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Publication numberUS1574004 A
Publication typeGrant
Publication dateFeb 23, 1926
Filing dateNov 29, 1922
Priority dateNov 29, 1922
Publication numberUS 1574004 A, US 1574004A, US-A-1574004, US1574004 A, US1574004A
InventorsRyder Henry
Original AssigneeWire Fibrous Products Company
Export CitationBiBTeX, EndNote, RefMan
External Links: USPTO, USPTO Assignment, Espacenet
Multiple-wire fibrous yarn
US 1574004 A
Abstract  available in
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Claims  available in
Description  (OCR text may contain errors)

Feb. 23 1926.

H. RYDER MULTIPLE WIRE FIBROUS YARN Filed Nov. 29. 1922 A TTORNE Y "Patented Feb. 23, 1926.

UNITED STATE-S' 1,574,004 PATENT OFFICE.

HENRY RYDER, NEW YORK, N. Y., ASSIGNOR T0 WIRE FIBRO'OS PRODUCTS COM- I IPANY, OF NEW YORK, N. Y., A. CORPORATION OF NEW JERSEY.

' MULTIPLEWIRE FIBROUS YARN.

Application filed November 29, 1922. Serial No. 603,993.

To all whom it may concern:

e it known that I, HENRY RYDER, a citize of the United States, residing at No. 37 West 46th Street, New York, in the county of New York, State of New York, have invented certain new and useful Improvements in Multiple-WVire Fibrous Yarns and I do hereby declare the following to be a full, clear, and exact description of the invention, such as will enable others skilled in the art to which it appertains to make and use the same.

This invention relates to a multiple wire fibrous 'yarn or rope structure and to the method of making the same. The multiple yarn which forms the subject matter of this application comprises a combination of wires and fibres arranged in such a manner that the wires and fibres may each carry a part of the load which may be applied to the yarn as a'whole. The im roved arn consists of a core and a plurality of fi res spun around the core in such a manner that the fibres lie parallel with each other spirally around'the core. The core consists of a plurality of single wire fibrous yarns of the type disclosed in my prior Patent No. 831,108. These sin le yarns, forming the core, lie parallel wlth each other, and the multiple yarn is made in such a manner that there is no torsion or twist in the several single yarns forming the core.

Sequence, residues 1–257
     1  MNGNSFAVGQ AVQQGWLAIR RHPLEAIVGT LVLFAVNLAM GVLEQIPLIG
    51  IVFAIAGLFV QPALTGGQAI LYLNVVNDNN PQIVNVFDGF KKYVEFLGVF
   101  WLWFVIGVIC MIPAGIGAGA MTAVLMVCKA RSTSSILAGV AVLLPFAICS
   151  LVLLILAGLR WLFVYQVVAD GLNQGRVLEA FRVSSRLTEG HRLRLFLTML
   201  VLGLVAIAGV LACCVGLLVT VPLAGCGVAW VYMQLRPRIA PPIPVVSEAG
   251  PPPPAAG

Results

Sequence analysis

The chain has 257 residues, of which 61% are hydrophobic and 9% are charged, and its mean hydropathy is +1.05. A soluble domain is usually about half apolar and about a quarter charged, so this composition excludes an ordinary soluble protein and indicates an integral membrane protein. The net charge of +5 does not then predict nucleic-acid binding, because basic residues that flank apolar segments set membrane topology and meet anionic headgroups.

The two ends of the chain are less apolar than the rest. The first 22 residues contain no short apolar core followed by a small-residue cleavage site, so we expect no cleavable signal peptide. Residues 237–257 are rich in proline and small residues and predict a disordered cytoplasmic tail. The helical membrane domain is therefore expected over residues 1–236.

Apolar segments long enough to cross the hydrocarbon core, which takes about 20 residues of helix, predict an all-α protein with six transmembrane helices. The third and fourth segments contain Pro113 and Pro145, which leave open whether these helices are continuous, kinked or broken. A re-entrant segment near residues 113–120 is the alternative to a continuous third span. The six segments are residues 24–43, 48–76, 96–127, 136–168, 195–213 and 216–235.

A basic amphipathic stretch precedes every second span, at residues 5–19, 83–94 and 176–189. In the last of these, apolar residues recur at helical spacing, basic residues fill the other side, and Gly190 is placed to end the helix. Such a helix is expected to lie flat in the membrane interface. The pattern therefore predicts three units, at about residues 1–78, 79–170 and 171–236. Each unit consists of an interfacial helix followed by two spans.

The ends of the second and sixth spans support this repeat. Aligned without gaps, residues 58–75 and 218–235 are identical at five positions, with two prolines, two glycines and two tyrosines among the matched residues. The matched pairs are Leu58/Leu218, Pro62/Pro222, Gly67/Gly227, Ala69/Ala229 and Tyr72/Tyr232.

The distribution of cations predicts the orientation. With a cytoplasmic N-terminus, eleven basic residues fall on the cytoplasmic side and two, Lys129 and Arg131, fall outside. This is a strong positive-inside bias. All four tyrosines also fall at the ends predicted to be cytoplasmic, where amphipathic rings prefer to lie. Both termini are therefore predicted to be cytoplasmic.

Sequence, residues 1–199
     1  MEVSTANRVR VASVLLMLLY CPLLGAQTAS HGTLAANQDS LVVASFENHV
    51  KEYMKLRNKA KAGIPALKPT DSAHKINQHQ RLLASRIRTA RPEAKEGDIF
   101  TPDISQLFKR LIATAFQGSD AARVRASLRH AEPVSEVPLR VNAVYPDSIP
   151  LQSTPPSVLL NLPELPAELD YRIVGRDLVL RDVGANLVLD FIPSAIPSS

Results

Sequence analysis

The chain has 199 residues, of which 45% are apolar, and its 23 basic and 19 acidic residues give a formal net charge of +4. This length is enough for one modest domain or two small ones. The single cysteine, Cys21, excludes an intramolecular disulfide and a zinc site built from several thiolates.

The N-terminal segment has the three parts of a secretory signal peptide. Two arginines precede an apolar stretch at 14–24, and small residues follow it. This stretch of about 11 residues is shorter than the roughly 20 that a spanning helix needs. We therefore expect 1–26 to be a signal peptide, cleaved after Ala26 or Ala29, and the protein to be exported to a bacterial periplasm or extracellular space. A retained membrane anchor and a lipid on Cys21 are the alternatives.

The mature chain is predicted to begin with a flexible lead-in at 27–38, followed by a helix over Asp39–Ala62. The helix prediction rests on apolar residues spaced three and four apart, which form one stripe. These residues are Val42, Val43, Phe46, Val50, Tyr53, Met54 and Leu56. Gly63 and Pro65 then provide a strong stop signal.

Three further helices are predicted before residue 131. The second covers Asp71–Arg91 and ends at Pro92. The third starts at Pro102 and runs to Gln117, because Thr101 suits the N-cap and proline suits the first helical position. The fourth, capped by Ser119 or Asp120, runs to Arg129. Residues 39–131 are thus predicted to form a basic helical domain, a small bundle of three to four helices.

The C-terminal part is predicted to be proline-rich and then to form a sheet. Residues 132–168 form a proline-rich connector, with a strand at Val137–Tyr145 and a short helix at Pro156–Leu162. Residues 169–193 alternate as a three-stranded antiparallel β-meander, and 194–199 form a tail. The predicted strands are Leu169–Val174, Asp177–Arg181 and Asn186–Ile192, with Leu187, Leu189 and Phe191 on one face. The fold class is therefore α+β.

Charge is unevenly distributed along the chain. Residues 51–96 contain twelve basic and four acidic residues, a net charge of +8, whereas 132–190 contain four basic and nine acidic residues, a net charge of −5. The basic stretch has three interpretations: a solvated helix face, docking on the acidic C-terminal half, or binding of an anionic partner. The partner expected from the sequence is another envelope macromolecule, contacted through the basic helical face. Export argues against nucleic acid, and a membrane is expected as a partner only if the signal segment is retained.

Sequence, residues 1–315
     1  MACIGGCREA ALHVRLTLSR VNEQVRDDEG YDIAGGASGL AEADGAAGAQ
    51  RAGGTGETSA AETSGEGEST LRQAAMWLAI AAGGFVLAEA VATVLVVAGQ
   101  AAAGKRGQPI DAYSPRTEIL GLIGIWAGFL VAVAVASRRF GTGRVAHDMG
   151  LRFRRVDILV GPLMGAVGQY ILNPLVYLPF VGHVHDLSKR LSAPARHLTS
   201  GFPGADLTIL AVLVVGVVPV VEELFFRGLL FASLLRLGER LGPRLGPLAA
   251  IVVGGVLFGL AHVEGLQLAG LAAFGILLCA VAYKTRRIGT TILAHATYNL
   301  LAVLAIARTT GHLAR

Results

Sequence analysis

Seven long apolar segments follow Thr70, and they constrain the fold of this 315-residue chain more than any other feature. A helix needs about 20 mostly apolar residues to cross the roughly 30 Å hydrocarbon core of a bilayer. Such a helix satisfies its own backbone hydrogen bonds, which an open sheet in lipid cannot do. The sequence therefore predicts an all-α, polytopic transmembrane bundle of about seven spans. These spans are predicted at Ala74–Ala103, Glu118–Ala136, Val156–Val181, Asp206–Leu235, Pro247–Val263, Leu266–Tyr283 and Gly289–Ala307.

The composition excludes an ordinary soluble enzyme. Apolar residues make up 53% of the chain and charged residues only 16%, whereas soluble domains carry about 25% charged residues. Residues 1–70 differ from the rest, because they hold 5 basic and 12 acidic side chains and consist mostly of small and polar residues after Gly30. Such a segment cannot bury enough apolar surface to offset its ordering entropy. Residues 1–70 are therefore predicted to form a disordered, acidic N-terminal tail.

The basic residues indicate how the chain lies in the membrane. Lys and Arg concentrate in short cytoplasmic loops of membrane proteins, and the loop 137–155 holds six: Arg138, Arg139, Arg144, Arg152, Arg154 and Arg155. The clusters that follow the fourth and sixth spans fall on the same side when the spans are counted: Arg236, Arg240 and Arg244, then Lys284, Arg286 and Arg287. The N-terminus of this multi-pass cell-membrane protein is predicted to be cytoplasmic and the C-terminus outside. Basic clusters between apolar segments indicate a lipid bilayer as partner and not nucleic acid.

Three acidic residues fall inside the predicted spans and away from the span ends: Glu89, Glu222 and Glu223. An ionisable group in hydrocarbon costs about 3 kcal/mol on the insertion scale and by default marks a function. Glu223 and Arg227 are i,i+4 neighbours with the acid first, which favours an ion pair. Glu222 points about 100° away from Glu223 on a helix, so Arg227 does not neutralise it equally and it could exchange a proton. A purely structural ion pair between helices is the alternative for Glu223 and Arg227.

-It is an established fact that if a wire or yarn ofany description is rasped firmly and unwound from a spool y pulling the wire or yarn straight away from the spool the wire or yarn is subjected to considerable torsion. The direction of this torsion depends upon whether the Wire or yarn is taken. from the underside of the spool 01 from the top.

In order to relieve the wire or yarn from this torsion, it is necessary to either turn the spool from which the wire or yarn is taken, or to turn the wire itself. In'either case this turning'should be in such a di rection that it tends to take the torsion or twist out of the wire or yarn.